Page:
In a day of submissions highly charged with emotion the Select Committee on the marriage equality bill has heard from tearful and passionate glbti people and their families of the effect state marginalisation has had on their lives.
It the heart of many of today’s pro-bill submissions were claims that discriminatory laws, exemplified by the Marriage Act denying same sex couples the right to legally marry, and the demeaning of gay people by religious groups, fuel ongoing homophobia with sometimes tragic personal results for glbti people. Nearly all of the submissions against allowing same-sex couples to marry the same as heterosexuals, were from deeply religous organisations and individuals.
Brought up in a Catholic family, Vincent MacBride-Stewart said that after “years of struggle” trying to reconcile Catholic teachings on homosexuality and his own feelings, “at 37 I am still unable to be honest with my parents.” Choking with emotion he recounted his own attempts at suicide and how he lost long-standing and close friends when he came out to them, further isolating him from support.
MacBride-Stewart urged the committee members and their fellow MPs to pass the bill into law. “Allowing marriage sends out a broader message of equality and acceptance,” he said.
He and his partner, Robert Sykes, who also spoke, said they agonised over whether or not to bring their children to the hearing. A number of submitters, particularly lesbians, brought their infants to demonstrate that gay people have children who need the protection of having the law and society fully validate their parents’ relationships. But Sykes and MacBride-Stewart did not bring their children, both of whom are older than infants, saying they did not want them to be in an environment where their parents’ relationship was being put on the line.
Another deeply emotional story was told by Phil Evans who told the hearing that ever since he realised he was not heterosexual “I was forced to live a lie… for my whole life.” Denied the right to get married as his heterosexual peers can, “I even told myself I did not want to get married or have children… but I do,” he sobbed. “I want to live in a society where everyone is accepted for who they are. It should have happened a long time ago… and it would have but for a few selfish people… it is those selfish, ignorant people who have forced me to have to come here,” he charged.
Amongst the presentations in favour of the bill were a straight married couple, John and Angela Fallentine, who wept and were overcome by emotion as they characterised extending the right to marry to same sex couples as yet another small step which was leading New Zealand society on a dangerous path. They likened those steps to the string of individual errors which together led to the death of the passengers of Flight 901 on the slopes of Mt Erebus. “Let’s not head in the wrong direction,” they pleaded after reading aloud the national anthem with emphasis on those parts which mention God.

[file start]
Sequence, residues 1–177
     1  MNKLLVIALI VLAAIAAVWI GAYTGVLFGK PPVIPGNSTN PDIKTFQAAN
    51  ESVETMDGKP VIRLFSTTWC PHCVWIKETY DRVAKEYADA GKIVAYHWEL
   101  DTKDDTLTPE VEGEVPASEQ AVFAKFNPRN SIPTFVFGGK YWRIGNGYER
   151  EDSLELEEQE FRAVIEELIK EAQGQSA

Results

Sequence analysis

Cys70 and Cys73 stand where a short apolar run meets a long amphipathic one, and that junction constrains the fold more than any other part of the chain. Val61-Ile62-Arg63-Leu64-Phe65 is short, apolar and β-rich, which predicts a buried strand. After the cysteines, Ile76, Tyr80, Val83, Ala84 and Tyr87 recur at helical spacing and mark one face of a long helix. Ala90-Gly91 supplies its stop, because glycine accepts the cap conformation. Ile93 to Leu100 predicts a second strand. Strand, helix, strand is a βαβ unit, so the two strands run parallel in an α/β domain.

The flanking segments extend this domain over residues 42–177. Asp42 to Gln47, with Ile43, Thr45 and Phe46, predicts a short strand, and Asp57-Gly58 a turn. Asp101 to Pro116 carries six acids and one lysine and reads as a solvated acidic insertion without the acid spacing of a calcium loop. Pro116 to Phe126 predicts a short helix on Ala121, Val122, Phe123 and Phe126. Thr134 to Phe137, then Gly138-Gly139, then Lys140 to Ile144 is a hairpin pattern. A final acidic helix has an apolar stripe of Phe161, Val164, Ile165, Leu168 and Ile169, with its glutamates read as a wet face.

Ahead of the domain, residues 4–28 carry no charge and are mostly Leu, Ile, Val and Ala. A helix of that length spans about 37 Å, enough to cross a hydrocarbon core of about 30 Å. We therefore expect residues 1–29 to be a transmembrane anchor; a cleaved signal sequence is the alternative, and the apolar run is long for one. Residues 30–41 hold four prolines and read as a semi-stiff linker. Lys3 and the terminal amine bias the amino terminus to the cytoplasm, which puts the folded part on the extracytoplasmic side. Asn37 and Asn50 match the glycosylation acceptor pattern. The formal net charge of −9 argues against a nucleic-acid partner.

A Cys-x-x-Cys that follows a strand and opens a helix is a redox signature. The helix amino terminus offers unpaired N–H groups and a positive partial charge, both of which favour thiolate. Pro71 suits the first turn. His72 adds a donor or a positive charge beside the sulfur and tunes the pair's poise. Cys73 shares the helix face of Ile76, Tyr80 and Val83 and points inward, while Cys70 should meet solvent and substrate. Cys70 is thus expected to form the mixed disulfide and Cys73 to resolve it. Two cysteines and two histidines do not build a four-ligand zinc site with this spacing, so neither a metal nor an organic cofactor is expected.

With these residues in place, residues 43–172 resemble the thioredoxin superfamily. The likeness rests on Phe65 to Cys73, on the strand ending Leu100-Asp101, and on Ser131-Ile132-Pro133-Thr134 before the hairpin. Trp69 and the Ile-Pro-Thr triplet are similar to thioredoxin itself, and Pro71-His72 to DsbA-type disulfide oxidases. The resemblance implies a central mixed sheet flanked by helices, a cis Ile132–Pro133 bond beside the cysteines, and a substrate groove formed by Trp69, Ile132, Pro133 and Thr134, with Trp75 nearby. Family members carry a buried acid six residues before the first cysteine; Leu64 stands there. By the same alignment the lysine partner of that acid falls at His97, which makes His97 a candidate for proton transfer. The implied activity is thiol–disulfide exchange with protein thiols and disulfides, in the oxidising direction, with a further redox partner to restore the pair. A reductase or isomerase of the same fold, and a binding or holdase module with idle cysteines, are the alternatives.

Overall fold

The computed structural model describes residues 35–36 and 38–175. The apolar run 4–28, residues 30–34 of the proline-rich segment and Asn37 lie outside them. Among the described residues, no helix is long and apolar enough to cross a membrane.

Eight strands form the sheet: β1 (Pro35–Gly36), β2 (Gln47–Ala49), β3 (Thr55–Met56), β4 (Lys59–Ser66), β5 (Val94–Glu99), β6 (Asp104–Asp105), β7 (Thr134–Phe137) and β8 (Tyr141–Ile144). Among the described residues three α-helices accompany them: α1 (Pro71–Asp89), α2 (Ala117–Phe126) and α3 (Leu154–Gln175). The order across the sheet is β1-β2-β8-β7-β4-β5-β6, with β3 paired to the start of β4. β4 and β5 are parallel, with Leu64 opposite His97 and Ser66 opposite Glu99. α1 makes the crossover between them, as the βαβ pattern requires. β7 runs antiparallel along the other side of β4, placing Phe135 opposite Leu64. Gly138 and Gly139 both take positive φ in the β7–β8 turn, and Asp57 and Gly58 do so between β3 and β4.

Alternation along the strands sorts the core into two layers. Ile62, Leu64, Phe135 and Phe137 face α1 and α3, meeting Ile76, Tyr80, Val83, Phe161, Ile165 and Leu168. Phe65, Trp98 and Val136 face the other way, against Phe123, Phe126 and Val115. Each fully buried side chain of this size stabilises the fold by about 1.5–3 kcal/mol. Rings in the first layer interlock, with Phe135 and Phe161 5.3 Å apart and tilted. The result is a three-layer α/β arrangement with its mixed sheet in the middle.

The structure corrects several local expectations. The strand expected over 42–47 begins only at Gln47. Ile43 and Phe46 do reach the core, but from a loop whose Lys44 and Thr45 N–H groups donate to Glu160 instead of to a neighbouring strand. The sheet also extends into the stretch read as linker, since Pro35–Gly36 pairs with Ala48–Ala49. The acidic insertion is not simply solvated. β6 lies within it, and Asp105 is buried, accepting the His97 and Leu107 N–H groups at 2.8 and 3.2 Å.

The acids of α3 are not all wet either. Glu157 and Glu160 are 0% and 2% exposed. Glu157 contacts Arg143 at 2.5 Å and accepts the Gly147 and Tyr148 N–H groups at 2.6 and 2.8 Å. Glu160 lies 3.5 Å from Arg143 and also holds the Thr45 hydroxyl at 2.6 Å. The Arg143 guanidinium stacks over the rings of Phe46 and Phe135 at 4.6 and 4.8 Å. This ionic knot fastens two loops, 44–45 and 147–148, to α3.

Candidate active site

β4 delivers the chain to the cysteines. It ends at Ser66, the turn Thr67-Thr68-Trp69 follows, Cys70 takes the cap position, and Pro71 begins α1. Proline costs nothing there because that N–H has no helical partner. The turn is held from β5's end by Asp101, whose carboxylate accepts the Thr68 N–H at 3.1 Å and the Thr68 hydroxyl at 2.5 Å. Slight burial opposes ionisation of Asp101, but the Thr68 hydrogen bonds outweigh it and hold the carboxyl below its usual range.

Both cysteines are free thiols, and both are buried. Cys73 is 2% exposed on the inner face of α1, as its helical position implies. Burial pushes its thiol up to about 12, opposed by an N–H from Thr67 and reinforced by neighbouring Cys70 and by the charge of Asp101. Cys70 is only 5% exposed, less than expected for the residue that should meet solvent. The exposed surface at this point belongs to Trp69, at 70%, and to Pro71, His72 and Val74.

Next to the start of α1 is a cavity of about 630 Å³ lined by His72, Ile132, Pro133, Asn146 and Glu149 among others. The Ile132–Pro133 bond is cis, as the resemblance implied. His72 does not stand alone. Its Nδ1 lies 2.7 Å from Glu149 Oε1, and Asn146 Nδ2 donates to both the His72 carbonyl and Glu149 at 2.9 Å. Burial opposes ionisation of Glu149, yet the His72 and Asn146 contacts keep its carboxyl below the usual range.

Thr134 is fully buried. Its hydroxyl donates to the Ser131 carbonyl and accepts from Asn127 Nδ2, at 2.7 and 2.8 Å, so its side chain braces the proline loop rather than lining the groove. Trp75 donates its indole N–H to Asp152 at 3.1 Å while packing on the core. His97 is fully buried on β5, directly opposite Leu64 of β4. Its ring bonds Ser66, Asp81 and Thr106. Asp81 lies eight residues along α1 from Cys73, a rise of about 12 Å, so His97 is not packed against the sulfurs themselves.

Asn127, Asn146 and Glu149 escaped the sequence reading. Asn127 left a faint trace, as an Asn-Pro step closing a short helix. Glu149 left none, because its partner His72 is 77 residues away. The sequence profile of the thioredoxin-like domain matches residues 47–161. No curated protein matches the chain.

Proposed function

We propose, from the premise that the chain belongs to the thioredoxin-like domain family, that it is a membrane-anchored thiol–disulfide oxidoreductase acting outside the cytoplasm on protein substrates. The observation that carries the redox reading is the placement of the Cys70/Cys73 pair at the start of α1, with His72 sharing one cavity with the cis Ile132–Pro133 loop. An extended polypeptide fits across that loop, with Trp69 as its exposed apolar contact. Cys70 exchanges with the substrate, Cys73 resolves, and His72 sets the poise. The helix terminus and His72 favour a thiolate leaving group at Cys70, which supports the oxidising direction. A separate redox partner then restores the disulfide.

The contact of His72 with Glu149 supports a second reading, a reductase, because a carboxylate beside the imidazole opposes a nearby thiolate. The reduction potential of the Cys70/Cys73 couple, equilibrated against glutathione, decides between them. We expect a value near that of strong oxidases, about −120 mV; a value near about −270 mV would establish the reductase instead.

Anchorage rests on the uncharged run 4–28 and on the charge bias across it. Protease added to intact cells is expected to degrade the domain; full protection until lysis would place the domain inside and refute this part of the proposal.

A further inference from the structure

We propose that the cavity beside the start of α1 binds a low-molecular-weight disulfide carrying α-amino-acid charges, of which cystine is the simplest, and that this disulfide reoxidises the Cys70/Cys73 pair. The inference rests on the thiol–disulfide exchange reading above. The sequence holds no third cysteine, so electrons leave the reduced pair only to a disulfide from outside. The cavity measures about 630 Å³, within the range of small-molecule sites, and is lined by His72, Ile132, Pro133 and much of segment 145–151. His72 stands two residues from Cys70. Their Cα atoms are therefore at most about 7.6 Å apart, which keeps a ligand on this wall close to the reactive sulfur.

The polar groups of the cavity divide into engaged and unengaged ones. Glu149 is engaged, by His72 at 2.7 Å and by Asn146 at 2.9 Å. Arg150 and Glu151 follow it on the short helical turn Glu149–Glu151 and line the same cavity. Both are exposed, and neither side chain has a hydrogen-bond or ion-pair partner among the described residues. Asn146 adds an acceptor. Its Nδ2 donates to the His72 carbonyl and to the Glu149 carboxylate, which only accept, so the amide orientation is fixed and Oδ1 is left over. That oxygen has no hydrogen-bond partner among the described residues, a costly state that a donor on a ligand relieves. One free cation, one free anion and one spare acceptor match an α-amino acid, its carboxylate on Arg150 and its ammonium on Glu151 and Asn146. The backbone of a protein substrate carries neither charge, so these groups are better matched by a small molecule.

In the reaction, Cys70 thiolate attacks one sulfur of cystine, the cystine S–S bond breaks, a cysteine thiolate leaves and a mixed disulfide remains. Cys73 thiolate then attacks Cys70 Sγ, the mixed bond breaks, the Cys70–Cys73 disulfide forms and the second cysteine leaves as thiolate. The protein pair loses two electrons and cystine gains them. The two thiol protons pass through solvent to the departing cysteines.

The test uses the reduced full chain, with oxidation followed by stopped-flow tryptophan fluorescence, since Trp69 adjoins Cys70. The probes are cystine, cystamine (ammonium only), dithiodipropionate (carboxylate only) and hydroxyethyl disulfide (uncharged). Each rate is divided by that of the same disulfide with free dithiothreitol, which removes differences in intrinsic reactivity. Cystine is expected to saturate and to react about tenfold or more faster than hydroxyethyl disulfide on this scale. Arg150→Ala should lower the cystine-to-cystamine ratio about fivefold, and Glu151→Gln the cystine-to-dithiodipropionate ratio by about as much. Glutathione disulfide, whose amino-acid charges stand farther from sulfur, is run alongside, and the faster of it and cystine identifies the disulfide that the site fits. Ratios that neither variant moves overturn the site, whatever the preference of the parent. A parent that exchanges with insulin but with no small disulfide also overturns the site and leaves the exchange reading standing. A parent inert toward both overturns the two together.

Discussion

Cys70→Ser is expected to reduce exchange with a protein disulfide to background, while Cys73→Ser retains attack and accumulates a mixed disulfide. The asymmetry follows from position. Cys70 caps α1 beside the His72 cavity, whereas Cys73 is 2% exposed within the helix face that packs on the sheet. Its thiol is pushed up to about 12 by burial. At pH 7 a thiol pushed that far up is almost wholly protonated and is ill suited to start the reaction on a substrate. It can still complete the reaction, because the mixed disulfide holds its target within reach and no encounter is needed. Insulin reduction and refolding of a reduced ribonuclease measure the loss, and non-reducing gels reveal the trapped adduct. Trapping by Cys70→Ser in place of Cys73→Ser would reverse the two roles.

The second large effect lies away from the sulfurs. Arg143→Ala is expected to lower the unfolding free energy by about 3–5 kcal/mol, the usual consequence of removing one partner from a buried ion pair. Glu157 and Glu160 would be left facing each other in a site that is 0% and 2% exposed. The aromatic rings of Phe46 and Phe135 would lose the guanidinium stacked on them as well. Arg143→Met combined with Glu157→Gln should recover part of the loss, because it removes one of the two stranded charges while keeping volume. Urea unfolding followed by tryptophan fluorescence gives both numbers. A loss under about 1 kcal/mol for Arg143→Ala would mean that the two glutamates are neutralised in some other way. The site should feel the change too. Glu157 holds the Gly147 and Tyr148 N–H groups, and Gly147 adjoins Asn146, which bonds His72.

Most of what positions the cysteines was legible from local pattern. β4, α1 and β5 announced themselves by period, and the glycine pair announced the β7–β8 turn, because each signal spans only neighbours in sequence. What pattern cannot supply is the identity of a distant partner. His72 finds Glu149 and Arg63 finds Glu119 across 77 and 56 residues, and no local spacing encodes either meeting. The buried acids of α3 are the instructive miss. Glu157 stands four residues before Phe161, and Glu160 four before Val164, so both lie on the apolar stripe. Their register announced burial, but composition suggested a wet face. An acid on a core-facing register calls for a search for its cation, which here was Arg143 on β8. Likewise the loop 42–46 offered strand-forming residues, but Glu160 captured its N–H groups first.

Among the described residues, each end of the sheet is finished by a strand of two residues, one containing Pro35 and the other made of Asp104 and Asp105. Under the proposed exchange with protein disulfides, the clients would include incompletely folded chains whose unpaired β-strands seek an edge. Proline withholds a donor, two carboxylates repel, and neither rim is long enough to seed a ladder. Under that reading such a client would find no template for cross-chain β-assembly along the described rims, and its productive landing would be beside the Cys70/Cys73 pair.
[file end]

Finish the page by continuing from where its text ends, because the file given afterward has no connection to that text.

While professing, as did almost all others opposing gay equality, to love their ‘glbti brothers and sisters,’ under questioning from committee member Moana Mackey the Fallentines agreed that they believed the NZ government should actively legislate exactly what a family could or could not be. In their view that state-approved family would only be based on “both a mother and a father.”
One of the strongest impressions today was made by an extended family (pictured above) who flanked their lesbian daughter, Eleanor Moloney, and her partner, Kyran Kissick. They explained how the pair being marginalised adversely affected them all. The underlying theme of their individual and group presentations, which regularly ground to a halt as they struggled to control their deep emotions, was that they are all part of a gay family. Addressing the lesbian couple’s wish to have children, “there are many children of gay parents who are told through discrimination that their families don’t matter,” they said. They did not want their children or grandchildren or nieces and nephews to experience that destructive sentiment.
Gay documentarian and Auckland community stalwart Stephen Oates struggled to control his feelings as he related the physical bullying and emotional torment he experienced at school when he was targeted as being different from his peers. “The youth of New Zealand know subconsciously that glbt people aren’t treated equally,” he said.
Oates also recounted that in his years as a phone counselor dealing with troubled young gay people “every single person who had been kicked out of their home came from a Christian background. “If this bill does not pass you will be reinforcing bullying and legitimising discrimination,” he said.
Committee chair Ruth Dyson and her fellow MPs regularly reassured those struggling through their feelings that their stories were important to the select committee process and lauded their courage in coming forward to tell them. “We understand that this is probably the hardest thing you have ever done in your life,” Dyson told several submitters.